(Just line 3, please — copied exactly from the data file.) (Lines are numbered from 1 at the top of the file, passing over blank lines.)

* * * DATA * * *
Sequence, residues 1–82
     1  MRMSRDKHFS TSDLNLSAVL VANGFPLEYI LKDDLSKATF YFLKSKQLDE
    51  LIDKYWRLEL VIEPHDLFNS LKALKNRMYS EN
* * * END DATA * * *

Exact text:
    51  LIDKYWRLEL VIEPHDLFNS LKALKNRMYS EN